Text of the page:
The Dysphoria of Modern Life Is Its Obvious Weakness

The anxiety and depression common in Western countries with abundant time for self-appraisal, feeds on itself. Europe and the far-flung outposts of the British Empire, including America, have embraced “postmodernism,” thus replacing 2,000 years of rigorously considered philosophy and layered moral values with 100 years of dissipation and debauchery, and with that infection have made themselves most susceptible to socialism. 

Poetry and its revelation of our world has been replaced by word games. The novel, an almost magical device for opening the mind of one human being to the lives of others, has been replaced by a tepid literature of self-doubt, complaint and blame. Theater has become an endless display of our shortcomings. The manifest fine arts, representing 4,000 years of critical self-awareness and an expression of the human spirit beyond mere words, has been reduced to the mimicry of a political formula.     

To ask why, or how, this could happen is to ignore the obvious. The old virus of socialism offered no enlightenment to the rest of the world because it was already omnipresent in their lives. But using the vehicle of postmodernism, the West was easy pickings at a time when it was triumphant, having quit on itself prematurely to enjoy the spoils. The often-cited example of the Roman Empire is not misplaced. But dissolution such as this had also happened to the Persian, Byzantine, Han, Tang, Kushan, Mongol, and lest we forget, the Egyptian empire of Ozymandias. The difference now is only that this is us. And we have allowed this to happen to ourselves. We are responsible. Any hope of salvation must come from our own sinews, our own will, to be reclaimed with our own purpose. 

The lie of postmodernism is in its very name—it is neither “post” nor “modern.” It is parasitic. Its unabashed success is primarily due to the wealth of its host. Western culture was fat. With a loss of faith amplified by war in the 20th century, science and politics had replaced religion and philosophy. Science, understood only as a methodology, had little resistance to any who used it. Politics, on the other hand, was its own reward. If conducted on its own terms, the practical result of promising anything to achieve a goal while safely beyond any restrictive philosophical framework, would win every time it was tried. 

Religion—primarily Christianity, also decadent with wealth—failed most miserably to minister to this sickness, even to blaming the victim, or at least not holding the perpetrator responsible for his actions, in a sort of self-destructive flagellation of guilt, while spreading that secular doctrine rather than its own, and offering no alternative to the powerless. Moreover, as this rising cohort of the “underclass” found itself suddenly free of unrelenting labor by the natural mechanisms of Western society and the so-called “capitalism” thus labeled by its enemies, it was able to organize and become a viable political entity in its own right.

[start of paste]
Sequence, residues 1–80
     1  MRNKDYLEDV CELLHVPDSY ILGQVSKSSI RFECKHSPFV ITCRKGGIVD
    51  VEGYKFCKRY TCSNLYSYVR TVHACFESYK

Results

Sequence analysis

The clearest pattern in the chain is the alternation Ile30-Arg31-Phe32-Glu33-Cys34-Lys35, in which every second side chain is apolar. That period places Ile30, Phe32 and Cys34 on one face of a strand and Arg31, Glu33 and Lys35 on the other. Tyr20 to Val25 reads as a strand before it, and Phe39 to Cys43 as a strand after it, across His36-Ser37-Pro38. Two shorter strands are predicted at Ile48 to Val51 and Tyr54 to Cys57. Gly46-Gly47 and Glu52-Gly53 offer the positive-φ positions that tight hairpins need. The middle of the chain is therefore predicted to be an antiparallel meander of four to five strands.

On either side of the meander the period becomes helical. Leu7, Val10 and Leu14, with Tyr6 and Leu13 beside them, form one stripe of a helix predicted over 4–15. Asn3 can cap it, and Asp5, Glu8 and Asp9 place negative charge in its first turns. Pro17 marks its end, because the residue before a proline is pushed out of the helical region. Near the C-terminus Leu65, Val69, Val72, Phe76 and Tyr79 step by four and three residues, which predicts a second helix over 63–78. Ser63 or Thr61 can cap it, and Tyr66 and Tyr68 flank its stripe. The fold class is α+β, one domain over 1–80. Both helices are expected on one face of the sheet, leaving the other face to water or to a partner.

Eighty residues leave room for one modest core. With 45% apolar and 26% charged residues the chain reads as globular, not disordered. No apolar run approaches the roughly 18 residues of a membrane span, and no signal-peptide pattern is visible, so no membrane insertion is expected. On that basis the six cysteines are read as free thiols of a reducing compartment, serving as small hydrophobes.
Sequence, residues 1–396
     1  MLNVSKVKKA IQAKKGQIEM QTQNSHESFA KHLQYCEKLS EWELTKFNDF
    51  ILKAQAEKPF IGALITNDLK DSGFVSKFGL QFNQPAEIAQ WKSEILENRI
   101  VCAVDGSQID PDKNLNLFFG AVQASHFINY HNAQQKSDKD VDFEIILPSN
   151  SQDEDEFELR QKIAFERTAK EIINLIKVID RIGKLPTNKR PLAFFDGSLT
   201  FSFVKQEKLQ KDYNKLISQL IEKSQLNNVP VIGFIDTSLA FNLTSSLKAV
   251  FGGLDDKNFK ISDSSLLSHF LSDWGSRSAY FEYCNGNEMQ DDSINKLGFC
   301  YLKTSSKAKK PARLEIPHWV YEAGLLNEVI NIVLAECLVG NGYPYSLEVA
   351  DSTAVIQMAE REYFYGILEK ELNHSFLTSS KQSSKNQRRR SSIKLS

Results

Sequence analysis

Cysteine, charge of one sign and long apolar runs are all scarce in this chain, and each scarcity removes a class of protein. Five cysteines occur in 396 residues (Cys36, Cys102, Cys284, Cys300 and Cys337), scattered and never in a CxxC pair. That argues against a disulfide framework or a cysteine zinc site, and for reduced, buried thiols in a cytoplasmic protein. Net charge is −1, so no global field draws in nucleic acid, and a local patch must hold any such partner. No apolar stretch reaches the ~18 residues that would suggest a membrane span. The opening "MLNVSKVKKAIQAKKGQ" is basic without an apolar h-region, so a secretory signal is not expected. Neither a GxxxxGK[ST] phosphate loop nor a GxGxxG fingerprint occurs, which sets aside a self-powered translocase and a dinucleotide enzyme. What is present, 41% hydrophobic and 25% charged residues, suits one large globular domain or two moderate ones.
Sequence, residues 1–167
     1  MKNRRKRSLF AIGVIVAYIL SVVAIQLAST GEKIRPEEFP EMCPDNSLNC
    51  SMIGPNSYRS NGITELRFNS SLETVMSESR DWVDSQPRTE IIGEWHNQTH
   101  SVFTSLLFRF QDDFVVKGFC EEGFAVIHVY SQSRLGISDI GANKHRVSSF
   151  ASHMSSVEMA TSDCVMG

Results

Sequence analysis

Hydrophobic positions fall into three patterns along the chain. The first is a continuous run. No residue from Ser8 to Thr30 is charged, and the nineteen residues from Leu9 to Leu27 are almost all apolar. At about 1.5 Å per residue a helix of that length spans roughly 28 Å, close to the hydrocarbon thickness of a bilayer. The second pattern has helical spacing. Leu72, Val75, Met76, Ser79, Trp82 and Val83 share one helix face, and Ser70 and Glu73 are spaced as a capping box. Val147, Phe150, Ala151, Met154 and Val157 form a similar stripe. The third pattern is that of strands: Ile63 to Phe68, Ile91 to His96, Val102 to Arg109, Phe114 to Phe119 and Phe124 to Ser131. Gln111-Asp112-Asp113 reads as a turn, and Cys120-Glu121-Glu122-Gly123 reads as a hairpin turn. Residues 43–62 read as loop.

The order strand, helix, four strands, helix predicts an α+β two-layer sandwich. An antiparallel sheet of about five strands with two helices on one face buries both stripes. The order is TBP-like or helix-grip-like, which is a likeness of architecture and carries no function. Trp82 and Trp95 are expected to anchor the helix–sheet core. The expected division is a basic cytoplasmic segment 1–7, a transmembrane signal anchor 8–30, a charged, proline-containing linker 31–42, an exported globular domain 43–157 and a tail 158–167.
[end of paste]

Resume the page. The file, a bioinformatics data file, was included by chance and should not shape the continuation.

The irony of postmodernism, a critical metaphysics which dwells on irony for sustenance, is that there is no there there. Woven from an imitation fabric of language and pose, it was a perfect vehicle for a political philosophy that disparaged its victims as a means of bullying them. It has nothing to replace what it disparages or belittles, and cannot recreate an original of anything because it lacks the DNA—as if a photograph of a mother were to be used to replace your mother. The photographs were easy to reproduce. Mothers were not. Especially so in an age that had reduced motherhood itself to a political act. 

Any resistance, much less a rebellion against such an ancient and pervasive evil as socialism, will not succeed by means of words alone. Yet without the words, resistance is truly futile. There is a treasury of great works from which we can still draw inspiration. Our enemies know this and that is why their most vigorous efforts today are directed toward language, grammar, and the books themselves. Any successful resistance must begin there. The schools and the libraries are already in their hands. But something can be done. The future is in yours. 

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About Vincent McCaffrey

Vincent McCaffrey is a novelist and bookseller. Visit his website at www.vincentmccaffrey.com.

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